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Somerville residents squawk about the state of infrastructure, deteriorating public art

Around Christmastime, a mirrored box the size of a telephone booth appeared on Davis Square’s Statue Plaza. People wondered what it was—a bathroom? A maintenance shed? A TARDIS? There was a wooden door on one side, though you wouldn’t see it if you approached the box from Elm Street, Highland Ave, or Holland Street. If you tried to open the door, you would find it pushed inward just a few inches, not enough to enter the structure, and a light inside turned on.

As it turns out, the box was an installation commissioned and funded by the Somerville Arts Council and designed by Lam Partners, an architectural lighting design consulting firm with offices in Cambridge and Pittsburgh. An artist’s statement in a plastic sleeve tacked to a nearby tree said it was meant to evoke the “warm inviting light of ‘home’” and urged people to share photos of their interactions with the piece on social media, with suggested hashtags.

The statement also said the piece was temporary, meant to stay up through the end of January. Soon after it was installed, though, blue masking tape appeared on corners of the box, as though holding it together. One silver panel fell off during an especially windy week, then another a few days later, exposing plywood and scabs of adhesive. There was no hardware holding the plastic panels in place. The light inside stopped working. The doorknob disappeared. As January stretched into February, it was still there, broken.

It was there the night of Feb 13, when concerned residents and business owners packed the Dilboy Post for a meeting hosted by Davis Now, a group advocating for better maintenance of Davis Square. There was no shortage of other items to be discussed, though, and the big silver box wasn’t on the agenda.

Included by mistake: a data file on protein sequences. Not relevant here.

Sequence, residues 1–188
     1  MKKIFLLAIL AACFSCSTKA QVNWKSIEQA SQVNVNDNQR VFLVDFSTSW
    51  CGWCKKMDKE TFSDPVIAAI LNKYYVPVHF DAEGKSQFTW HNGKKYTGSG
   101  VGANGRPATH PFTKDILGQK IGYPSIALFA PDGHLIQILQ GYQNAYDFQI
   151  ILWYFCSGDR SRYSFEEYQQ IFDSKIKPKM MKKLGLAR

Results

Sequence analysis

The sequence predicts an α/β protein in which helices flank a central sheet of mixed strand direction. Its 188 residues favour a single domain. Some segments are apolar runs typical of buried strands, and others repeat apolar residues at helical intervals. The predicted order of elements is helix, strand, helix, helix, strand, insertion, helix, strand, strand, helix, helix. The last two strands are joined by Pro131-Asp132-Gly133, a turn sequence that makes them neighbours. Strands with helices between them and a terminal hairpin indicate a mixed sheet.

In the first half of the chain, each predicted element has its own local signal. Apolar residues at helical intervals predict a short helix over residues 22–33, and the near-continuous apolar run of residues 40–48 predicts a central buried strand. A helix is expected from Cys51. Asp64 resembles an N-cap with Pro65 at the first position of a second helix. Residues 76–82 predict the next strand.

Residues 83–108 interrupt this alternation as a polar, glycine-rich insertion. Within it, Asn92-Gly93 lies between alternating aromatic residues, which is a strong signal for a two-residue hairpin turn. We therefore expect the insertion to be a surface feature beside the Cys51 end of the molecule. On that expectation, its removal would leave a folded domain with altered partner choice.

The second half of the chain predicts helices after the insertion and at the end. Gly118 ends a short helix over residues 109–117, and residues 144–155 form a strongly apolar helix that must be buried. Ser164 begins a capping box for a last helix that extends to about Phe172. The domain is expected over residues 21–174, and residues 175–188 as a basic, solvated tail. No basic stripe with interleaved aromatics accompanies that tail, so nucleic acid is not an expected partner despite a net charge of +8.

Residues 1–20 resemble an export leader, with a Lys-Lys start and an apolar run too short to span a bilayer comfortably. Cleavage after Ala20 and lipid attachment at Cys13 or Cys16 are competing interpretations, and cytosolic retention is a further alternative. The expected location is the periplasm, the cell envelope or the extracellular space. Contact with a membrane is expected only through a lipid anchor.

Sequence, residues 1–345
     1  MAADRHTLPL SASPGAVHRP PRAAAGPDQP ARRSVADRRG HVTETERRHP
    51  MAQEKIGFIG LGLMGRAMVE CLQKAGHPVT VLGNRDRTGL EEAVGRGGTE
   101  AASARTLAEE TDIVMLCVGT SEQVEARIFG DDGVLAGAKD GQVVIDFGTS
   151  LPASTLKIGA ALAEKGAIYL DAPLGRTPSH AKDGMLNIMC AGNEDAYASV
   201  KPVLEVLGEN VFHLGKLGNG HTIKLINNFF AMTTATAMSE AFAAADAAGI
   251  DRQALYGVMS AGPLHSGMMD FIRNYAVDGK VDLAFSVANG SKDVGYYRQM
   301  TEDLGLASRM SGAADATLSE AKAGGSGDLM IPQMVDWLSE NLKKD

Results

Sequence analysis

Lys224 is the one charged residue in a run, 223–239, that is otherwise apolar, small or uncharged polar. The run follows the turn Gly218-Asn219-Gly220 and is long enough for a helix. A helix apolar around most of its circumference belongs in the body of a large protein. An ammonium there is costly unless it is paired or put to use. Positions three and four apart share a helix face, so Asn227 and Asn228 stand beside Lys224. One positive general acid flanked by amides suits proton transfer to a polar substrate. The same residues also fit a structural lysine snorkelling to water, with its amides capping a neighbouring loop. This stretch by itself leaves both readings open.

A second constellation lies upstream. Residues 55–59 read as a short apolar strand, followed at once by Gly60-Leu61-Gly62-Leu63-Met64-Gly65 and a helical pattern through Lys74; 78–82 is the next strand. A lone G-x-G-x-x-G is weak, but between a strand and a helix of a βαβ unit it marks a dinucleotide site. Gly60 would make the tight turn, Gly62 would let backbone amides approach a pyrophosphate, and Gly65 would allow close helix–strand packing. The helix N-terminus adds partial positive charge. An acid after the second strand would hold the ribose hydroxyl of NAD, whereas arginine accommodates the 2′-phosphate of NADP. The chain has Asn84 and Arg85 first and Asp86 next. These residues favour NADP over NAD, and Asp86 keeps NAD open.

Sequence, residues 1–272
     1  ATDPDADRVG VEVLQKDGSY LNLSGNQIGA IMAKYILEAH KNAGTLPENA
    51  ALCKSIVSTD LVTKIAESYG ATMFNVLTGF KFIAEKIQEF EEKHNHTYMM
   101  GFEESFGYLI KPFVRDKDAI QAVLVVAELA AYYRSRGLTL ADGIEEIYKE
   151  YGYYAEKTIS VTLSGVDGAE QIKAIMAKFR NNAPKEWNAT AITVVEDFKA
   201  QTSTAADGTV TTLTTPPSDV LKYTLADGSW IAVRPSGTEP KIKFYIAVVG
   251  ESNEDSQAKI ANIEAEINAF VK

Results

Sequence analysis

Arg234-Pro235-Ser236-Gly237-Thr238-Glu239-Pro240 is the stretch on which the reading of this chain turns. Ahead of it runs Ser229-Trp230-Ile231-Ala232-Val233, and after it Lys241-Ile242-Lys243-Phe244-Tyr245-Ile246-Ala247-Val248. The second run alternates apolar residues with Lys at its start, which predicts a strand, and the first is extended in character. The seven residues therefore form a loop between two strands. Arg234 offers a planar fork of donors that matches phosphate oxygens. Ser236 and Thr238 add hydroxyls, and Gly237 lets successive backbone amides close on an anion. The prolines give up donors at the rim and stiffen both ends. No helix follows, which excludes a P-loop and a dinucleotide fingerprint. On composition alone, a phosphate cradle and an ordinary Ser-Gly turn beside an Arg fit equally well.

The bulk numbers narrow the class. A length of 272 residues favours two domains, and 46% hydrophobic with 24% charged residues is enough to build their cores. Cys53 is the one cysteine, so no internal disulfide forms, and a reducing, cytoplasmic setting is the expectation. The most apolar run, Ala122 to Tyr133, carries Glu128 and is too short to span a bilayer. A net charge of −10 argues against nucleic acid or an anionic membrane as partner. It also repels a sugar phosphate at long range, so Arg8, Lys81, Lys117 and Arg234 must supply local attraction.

The room was buzzing even before the meeting began, with people trading stories about falls they’ve suffered or witnessed on the square’s undulating brick sidewalks and crosswalks that are pocked with potholes. During the presentation, someone noted that Somerville Mayor Joe Curtatone himself once stumbled and fell on the uneven ground.

The brick sidewalks on the plaza were installed in the ’80s, when the city made major neighborhood investments in conjunction with the opening of the Davis Square T station. Over time, the base under the bricks has shifted, leading to bumps and valleys underfoot. The sidewalks have experienced wear and tear as well as the neighborhood has grown in popularity, but the city hasn’t always been so quick to fix bricks that were broken or missing. Chris Iwerks of Davis Now noted that Somerville DPW doesn’t have anybody on staff that does brickwork, which is why many spots have been patched with asphalt.

Last fall, Davis Now created a “punch list” of items that need attention, including more than 100 spots where sidewalk bricks are broken or missing, asphalt patches that look messy, places where granite curbs are cracked or misaligned, and decorative cobblestones that have come loose. Some of these were remedied when the brick sidewalk in front of 212 Elm St was torn up and replaced with concrete, but there are currently no plans to do this all throughout the area, and to do so might be controversial. At the meeting, debate ensued about the aesthetic and practical merits of brick vs concrete.

Nearby is Seven Hills Park, the area behind the Harvard Vanguard building. It runs from the back of the Holland Street T Station exit to the community bike path and is named for the original seven hills of Somerville, which are commemorated with sculptures perched high above on brick and metal posts. Installed in the ’80s, they have suffered with age; the sculptures are dirty and faded, some scratched by tree branches, while the enamel signs describing the landmarks have rust spots or are missing altogether. The ground is plagued with the same broken and uneven brick sidewalks as the rest of Davis Square. Areas meant to be lawns are patchy or just dirt. Trees are overgrown. Drainage issues lead have led to a semipermanent puddle Davis Now refers to at the Seasonal Pond and Mosquito Hatchery.